December 08, 2005

The Secret Handshake "This Is Bigger Than You or I"

It's a bit tedious, this whole "emo" to-do. "New grunge," blah blah blah, "all songs have emotional content," blah blah blah, "it's a youth movement meant to help kids get in touch with their feelings," blah blah blah, "you're too old to understand," blah blah blah, "emo died when the kids graduated from high school," blah blah blah*. There's a point to be made underneath all that cynicism. Sadly, I can't tell you what that point is, because...well, I don't know what the point is, other than "emo" means less to some than it does for others. I'm one of those "means less" people. (I made the mistake of attending an Alkaline Trio show a few years ago; not that the music was bad, but the experience of feeling like a high-school chaperone at a "punk" show made me feel old.) Superficially speaking, Dallas' The Secret Handshake appear to be a ripe candidate for the "emo" tag. A young fanbase, "serious" sounding album title, and lyrics that demonstrate youthful melancholy. Superficially, I wasn't really looking forward to listening to this little record. You should never judge a record by its cover, though, as was instantly learned here. Following on his 2004 debut album, this six-song EP may be brief, and it may be a tad "emo," but it's certainly not as bad as my stereotyping-mind led me to believe.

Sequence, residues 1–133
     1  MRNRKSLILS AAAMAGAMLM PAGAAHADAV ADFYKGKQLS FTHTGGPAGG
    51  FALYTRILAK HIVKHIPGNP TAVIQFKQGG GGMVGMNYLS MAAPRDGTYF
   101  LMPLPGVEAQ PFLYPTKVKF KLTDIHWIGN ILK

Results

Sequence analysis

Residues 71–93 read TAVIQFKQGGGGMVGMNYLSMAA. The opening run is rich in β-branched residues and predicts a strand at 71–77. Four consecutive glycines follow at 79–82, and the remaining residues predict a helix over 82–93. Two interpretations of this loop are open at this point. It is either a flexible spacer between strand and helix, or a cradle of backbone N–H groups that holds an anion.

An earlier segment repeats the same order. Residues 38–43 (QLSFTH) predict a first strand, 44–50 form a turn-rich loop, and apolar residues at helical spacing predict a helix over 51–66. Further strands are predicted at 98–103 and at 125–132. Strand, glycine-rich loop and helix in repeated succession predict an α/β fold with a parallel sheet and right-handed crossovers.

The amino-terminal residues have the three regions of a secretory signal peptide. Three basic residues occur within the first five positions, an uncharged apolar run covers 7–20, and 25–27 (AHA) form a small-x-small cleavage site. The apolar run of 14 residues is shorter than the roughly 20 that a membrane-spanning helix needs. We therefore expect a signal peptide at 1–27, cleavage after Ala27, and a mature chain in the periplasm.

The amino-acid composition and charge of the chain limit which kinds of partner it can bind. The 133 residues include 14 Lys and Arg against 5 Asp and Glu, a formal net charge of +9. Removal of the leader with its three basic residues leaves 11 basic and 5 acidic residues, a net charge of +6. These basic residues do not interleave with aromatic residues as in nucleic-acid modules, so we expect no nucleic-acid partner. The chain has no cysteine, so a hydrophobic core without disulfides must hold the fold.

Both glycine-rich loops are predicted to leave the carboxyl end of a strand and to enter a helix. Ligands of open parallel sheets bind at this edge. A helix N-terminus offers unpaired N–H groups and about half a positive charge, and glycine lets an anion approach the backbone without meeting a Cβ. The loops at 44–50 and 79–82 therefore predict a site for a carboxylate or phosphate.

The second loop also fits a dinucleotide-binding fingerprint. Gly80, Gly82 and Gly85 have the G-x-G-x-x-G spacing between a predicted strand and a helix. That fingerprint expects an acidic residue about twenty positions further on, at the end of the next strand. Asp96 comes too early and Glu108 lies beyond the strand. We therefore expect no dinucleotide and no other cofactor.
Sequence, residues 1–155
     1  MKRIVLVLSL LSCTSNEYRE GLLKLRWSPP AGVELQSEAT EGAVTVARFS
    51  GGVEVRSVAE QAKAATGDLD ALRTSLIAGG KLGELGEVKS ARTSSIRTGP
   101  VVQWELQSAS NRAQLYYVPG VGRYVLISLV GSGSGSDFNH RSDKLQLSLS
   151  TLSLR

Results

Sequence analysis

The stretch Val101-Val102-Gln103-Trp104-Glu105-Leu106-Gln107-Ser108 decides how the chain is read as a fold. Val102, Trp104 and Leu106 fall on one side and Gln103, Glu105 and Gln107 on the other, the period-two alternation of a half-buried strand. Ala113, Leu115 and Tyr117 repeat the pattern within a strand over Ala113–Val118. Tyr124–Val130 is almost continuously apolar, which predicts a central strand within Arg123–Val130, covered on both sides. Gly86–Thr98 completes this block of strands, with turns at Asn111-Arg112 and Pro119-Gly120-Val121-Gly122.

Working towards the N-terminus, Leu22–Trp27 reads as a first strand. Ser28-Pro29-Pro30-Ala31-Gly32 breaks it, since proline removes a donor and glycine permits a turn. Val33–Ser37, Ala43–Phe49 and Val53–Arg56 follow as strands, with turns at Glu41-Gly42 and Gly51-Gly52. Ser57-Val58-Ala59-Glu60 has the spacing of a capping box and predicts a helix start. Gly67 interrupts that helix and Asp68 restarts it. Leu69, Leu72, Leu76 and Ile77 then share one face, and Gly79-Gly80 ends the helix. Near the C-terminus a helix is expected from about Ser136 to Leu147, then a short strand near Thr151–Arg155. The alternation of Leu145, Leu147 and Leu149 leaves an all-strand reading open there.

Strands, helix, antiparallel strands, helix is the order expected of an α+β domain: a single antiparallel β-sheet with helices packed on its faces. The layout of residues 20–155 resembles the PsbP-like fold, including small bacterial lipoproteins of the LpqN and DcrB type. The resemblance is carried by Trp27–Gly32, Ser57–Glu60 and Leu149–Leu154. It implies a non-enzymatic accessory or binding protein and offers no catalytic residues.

The music found on This Is Bigger Than You or I all seems to follow the same formula; the songs are mellow, piano-based affairs, all highlighted by Luis Dubuc's earnest singing. The first three songs sound like a Coldplay/Travis/Ben Folds blend that are not without their charm. "An Outline" is a gorgeous radio-friendly pop number; the same could be said of "Coastal Cities," an otherwise gorgeous song that's ruined somewhat by some rather amateurish studio vocal effects at the end. "Don't Call" borrows a piano tag from Parachutes, and the ticking clocks are a subtle reference, too. All three songs show a great deal of promise. The last three songs, however, aren't up to the high standards of the first half of the record. "Friendly Reminder" is a seemingly incongrous acoustic singalong number; "Love of My Troubles" sounds too much like a bad Radiohead imitation, while "The Giver" is simply forgettable, generic, whiny emo-pop.

Though the last half of the record is forgettable, the first three songs are excellent and show a great deal of promise. If Dubuc escapes the more generic-sounds of the last half of This Is Bigger Than You or I, then his next record might be something to look forward to.

--Joseph Kyle

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*For best effect, imitate the teacher in the animated Peanuts specials.

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